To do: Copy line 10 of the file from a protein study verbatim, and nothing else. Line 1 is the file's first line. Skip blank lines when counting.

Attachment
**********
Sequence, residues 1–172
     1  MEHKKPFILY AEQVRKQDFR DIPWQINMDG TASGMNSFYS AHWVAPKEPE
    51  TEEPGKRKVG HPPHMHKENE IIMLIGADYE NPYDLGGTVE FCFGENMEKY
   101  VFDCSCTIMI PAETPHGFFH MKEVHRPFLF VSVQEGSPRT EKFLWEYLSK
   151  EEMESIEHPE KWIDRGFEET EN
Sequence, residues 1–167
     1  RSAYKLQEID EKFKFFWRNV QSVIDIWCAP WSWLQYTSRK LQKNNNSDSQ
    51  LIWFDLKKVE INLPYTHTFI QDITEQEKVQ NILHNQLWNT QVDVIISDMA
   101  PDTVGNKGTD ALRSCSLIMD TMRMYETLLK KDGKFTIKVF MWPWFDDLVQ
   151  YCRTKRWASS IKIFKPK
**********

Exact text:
   151  YCRTKRWASS IKIFKPK